POSC 341 - War and the Shaping of American Politics
Examines the impact of warfare, expansion, and national security policy on the development of domestic American institutions and politics since the Revolution. War’s impact has been multifaceted and contradictory, fueling a politics of reaction and repression in many contexts while serving as a catalyst for advances in political, racial, and economic equality and inclusion in others. Students will explore those contradictions by connecting war mobilization and security politics to the trajectory of American political development and state/society relations over time. Topics include: the role of the putatively weak American state in shaping 19th century territorial expansion; the effect of wartime mobilization and participation on racial politics; the interplay of warfare and the welfare state in American history; the postwar politics of the “military-industrial complex;” and the impact of foreign policy and national security on the American party system. Readings will engage such topics from the perspective of political scientists, sociologists, and historians working on a broad empirical terrain ranging over several centuries.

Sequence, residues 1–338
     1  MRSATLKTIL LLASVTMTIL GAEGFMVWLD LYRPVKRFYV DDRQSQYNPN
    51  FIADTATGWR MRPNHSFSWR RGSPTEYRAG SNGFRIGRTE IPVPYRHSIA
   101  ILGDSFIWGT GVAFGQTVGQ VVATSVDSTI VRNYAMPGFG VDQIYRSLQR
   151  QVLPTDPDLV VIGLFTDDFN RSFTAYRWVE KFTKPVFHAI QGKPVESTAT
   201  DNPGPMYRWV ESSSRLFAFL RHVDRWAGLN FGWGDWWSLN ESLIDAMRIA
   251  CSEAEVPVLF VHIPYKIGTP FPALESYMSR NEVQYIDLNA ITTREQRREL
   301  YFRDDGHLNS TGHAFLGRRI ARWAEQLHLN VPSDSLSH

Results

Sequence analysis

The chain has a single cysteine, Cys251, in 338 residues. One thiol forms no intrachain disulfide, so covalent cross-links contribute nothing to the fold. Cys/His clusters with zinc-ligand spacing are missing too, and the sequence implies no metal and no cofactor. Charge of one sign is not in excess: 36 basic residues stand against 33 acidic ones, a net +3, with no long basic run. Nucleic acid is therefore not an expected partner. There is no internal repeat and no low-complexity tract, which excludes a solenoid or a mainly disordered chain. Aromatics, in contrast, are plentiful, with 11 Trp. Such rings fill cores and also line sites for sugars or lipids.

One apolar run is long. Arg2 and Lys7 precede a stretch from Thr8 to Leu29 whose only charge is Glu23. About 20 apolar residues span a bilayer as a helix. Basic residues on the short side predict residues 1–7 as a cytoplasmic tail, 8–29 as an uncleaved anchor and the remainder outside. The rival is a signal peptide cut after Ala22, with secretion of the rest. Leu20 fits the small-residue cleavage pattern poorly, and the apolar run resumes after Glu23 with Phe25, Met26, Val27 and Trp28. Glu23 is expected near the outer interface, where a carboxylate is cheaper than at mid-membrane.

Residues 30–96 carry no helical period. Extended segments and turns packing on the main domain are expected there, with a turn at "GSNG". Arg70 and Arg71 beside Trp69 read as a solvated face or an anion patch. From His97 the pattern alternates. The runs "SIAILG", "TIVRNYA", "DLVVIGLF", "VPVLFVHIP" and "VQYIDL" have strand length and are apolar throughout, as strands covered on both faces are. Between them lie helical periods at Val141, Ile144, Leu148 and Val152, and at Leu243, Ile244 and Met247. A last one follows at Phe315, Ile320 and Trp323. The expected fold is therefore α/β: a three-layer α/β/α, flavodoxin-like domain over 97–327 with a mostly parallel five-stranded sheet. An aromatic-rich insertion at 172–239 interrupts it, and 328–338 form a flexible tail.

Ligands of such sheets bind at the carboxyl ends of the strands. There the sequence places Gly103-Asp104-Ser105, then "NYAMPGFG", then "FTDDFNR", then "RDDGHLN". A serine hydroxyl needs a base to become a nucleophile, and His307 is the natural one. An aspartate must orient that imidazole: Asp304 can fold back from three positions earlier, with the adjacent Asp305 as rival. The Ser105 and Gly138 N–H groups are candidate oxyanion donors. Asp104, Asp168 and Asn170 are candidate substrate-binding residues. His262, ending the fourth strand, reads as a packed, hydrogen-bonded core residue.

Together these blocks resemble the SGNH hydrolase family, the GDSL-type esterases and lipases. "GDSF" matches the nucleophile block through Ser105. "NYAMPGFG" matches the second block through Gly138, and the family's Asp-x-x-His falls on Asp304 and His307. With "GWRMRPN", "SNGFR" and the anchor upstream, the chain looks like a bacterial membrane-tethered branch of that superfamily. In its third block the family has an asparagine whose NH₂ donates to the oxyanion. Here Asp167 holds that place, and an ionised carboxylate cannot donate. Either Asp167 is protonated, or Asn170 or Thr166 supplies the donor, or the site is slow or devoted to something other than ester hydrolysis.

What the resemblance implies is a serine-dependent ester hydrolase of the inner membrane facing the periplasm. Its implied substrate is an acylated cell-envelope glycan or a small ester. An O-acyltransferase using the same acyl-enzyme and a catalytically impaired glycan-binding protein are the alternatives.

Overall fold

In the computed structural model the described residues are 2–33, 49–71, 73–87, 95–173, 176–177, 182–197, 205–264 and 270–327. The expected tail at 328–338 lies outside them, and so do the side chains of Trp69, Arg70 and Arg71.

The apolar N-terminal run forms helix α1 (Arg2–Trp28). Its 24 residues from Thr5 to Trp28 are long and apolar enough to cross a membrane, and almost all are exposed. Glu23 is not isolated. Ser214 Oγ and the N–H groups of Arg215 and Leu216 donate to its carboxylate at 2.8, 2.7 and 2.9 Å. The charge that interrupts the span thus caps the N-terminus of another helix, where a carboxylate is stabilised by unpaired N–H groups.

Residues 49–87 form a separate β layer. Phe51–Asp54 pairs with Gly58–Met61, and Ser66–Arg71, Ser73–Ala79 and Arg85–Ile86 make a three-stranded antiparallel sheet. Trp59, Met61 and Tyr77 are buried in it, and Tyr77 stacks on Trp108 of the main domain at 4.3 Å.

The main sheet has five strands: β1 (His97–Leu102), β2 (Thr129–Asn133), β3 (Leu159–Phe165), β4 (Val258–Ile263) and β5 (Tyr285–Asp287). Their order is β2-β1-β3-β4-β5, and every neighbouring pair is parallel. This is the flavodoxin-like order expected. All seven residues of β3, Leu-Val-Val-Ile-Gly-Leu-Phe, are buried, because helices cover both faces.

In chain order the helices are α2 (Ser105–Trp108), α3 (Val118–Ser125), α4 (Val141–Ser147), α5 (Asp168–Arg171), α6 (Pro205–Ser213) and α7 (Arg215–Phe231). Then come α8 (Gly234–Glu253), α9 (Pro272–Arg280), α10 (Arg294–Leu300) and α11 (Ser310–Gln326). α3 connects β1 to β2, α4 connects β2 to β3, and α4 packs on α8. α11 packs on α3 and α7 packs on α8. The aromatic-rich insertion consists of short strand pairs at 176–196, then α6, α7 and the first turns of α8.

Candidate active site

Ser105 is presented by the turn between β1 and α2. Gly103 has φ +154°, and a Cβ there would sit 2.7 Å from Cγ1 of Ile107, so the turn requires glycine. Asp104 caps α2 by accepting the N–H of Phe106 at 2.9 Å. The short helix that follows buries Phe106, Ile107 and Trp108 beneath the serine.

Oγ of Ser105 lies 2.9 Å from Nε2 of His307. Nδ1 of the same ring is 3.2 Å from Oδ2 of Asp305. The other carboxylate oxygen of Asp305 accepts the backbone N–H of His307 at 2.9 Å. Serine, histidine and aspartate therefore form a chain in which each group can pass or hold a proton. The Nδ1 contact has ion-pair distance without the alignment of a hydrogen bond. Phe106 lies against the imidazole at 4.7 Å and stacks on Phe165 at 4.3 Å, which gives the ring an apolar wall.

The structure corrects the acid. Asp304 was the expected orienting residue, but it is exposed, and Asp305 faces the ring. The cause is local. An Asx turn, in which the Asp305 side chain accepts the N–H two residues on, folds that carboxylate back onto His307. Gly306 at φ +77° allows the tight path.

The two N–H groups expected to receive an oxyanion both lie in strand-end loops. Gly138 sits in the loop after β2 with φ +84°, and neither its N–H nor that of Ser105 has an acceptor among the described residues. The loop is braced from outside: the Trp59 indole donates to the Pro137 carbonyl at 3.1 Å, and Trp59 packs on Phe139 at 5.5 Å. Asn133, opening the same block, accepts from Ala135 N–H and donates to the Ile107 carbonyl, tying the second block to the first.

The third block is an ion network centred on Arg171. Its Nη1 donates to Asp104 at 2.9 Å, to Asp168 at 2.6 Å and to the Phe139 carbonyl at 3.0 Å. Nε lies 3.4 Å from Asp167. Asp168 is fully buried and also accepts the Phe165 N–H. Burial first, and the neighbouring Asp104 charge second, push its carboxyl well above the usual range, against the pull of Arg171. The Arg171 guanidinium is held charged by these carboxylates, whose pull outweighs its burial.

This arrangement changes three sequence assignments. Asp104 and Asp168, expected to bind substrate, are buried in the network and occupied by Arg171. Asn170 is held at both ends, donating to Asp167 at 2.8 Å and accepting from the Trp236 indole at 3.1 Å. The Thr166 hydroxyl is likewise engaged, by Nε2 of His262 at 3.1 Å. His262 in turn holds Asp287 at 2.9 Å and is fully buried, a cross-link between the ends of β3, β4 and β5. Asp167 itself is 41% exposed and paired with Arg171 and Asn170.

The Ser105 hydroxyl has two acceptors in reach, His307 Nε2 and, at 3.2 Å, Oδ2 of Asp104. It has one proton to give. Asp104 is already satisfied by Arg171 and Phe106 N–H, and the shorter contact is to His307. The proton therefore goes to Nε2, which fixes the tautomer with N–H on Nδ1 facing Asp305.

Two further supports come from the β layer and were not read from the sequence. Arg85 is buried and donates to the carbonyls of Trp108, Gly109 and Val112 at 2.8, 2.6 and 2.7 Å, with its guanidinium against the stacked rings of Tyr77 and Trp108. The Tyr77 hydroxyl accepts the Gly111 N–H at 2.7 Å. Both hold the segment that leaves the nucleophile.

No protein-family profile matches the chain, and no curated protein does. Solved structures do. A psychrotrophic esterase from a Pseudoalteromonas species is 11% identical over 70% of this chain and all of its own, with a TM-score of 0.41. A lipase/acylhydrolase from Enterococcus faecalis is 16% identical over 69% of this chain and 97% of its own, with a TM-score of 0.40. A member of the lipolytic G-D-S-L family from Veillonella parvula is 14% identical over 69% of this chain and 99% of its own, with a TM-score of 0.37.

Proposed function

Major/Minor Restrictions: None
Class Restriction: None
Area of Inquiry: Social Relations,Inst.& Agents
Liberal Arts CORE: None
Click here for Course Offerings by term